Register Register New Posts Active Topics | Search Search | FAQ FAQ

GliderGossip GliderGossip
Sugar Gliders
LGRS Suggie Soup Recipe and Background
Next |
Page: of 6
LGRS Suggie Soup Recipe and Background
Food, Diet
avatar
Jan 11 2010
02:08:07 PM
Many of you are asking about this diet. We have it on a meetup.com URL in PDF form:

http://files.meetup.com/768852/LGRS_SuggieSoup.pdf

If you have trouble getting to that, here is the full text of the document (below right here):

Here also on sugarglider.com is the nutritional analysis link:

http://www.sugarglider.com/nutrition/viewrecipe.asp?item=36

Now we can just bookmark this post and it will be easier....


LGRS Suggie Soup Recipe (2.12:1 Ca:Ph Ratio)

Introduction

The LGRS Suggie Soup is an economical, lower-fat, lower cholesterol, higher calcium, higher protein recipe than similar recipes that use expensive, imported ingredients. This is the standard recipe for all rescues and animals being rehabilitated at Lucky Glider Rescue & Sanctuary. You can dilute the finished product with water and syringe feed it to gliders who are suffering from metabolic bone disease or hind leg paralysis. It is important to first take malnourished gliders to the vet as they are often candidates for a subcutaneous calcium injection and other treatments.

Batches and Freezing

One "batch" of this recipe will produce about 7 cups. With a two tablespoon serving per glider per day, a batch would last a pair gliders two months, depending on waste. You need to keep the bulk of your batch frozen and only transfer amounts needed for a few days at a time into the refrigerator. Please note that as a rescue we err on the side of over-feeding especially when nursing malnourished rescues back to health You may be able to cut back the portions to a tablespoon and a half if the glider is generally healthy. You can water the formula down if they are getting fat. A full grown adult male should be about 150 grams. Gliders that get out of their cage every night and exercise for a few hours usually don't get fat.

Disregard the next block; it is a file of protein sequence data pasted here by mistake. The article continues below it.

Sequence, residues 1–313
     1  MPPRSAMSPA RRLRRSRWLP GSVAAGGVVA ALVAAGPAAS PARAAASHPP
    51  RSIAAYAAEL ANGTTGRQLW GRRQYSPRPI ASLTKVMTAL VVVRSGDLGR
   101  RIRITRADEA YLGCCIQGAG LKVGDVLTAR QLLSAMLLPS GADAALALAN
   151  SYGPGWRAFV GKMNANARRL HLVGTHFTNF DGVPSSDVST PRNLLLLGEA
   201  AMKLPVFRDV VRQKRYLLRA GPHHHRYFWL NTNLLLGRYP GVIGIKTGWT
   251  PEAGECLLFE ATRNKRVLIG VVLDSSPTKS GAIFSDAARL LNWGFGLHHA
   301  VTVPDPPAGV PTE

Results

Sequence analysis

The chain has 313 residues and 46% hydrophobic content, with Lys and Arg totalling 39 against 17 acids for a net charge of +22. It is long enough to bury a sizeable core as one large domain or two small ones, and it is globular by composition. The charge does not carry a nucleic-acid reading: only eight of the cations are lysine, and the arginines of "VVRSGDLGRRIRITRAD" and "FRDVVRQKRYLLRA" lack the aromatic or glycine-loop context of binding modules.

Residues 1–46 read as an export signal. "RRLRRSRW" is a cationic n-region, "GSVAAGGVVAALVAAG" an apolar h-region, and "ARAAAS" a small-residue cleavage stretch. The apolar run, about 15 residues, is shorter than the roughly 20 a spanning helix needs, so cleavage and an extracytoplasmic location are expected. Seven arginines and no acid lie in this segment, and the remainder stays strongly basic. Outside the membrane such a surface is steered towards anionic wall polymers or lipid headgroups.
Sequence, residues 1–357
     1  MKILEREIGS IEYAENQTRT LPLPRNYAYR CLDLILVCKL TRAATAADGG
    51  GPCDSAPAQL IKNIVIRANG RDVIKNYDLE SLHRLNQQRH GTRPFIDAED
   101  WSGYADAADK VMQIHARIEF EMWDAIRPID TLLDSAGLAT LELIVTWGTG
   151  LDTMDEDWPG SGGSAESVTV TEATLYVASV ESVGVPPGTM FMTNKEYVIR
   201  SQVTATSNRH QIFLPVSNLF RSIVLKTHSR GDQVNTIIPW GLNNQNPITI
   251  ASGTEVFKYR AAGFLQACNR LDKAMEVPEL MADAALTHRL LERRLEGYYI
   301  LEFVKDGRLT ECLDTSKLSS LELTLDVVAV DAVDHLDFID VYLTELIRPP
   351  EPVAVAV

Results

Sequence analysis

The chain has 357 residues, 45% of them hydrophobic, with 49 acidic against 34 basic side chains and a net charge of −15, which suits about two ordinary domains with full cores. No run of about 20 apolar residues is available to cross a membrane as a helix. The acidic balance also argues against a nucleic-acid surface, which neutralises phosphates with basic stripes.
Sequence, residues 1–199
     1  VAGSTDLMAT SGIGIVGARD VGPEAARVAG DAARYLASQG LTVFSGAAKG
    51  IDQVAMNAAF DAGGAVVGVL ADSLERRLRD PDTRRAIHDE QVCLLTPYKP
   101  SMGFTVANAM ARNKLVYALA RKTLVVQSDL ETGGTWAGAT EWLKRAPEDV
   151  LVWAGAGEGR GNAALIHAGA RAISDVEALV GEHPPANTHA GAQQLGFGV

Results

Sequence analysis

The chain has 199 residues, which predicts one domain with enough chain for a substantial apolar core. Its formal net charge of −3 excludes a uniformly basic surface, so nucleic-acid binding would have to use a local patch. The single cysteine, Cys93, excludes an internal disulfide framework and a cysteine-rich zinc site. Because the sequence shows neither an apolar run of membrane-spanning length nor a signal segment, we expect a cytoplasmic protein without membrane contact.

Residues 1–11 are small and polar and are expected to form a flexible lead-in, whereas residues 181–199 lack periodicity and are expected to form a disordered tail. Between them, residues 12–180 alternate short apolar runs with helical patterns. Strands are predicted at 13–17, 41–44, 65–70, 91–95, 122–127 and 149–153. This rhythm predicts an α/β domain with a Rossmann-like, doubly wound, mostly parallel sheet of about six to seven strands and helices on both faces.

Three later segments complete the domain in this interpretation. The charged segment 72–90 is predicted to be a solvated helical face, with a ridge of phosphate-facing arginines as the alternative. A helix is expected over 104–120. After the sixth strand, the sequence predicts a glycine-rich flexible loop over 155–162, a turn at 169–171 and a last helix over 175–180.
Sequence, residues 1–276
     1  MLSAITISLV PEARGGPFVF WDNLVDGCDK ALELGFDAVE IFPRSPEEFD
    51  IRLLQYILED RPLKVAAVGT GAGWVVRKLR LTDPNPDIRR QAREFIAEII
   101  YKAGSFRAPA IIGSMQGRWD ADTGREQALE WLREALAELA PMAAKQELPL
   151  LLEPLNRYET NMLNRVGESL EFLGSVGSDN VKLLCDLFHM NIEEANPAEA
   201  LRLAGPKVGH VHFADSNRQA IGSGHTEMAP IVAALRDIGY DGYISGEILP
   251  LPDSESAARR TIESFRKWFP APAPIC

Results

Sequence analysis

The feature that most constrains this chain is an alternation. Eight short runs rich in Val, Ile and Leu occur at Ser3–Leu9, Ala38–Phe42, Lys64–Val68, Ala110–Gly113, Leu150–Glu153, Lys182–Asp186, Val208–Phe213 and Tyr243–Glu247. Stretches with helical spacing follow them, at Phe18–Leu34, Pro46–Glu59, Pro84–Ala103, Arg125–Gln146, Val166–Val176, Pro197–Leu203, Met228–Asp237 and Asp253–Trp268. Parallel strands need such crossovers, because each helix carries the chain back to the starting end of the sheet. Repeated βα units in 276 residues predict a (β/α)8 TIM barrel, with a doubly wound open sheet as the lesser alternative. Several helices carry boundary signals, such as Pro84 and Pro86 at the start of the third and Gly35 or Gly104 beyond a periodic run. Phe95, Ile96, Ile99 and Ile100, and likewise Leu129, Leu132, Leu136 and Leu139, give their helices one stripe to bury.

DISCLAIMER:

Show this recipe to your veterinarian.
Let your veterinarian decide if its contents are good for your pet.
LGRS Suggie Soup is only one part of an overall diet plan.
See the compote section to learn more on foods to feed with the soup.
Veterinarians: a comprehensive nutritional analysis of LGRS Suggie Soup is
published on http://www.sugarglider.com/nutrition/viewrecipe.asp?item=36

Ingredients

1 cup of canned Mango juice or liquefied fresh Mango
1 cup of canned Papaya juice or liquefied fresh Papaya
2 cups of Calcium & Vitamin D fortified Orange Juice
2 cups of Filtered Honey (see footnote 1)
1/4 cup of Plain, Low-Fat Yogurt (kind with 12g protein per half pint)
1 small scrambled egg
1 Tablespoon of Trader Darwin's Vanilla Flavored Soy (see footnote 2)
1 Tablespoon of powdered, Dehydrated Fly Pupae (see footnote 3)
2 Tablespoons of powdered Bee Pollen (see footnote 4)

Preparation

1. Cook and scramble egg, set aside to cool

2. With a blender, powder the bee pollen and dehydrated fly pupae together so it is one fine powder and set aside

3. Warm honey using a hot water bath method or microwave.

4. Mix warmed honey and juices in blender

5. Add protein powder and yogurt to the juice and honey mixture. Blend till smooth [depending on the size of your blender. You may need to blend the rest in stages]

6. Add egg and pollen/pupae mix into the liquid ingredients. Blend until smooth.

7. Pour into small freezer-safe containers for freezing use containers that you can put in the fridge with enough to last two or three days. If you have two gliders who will only eat two tablespoons per serving, those containers can be pretty small. You can freeze the soup in ice cube trays and pop the frozen cubes into freezer bags.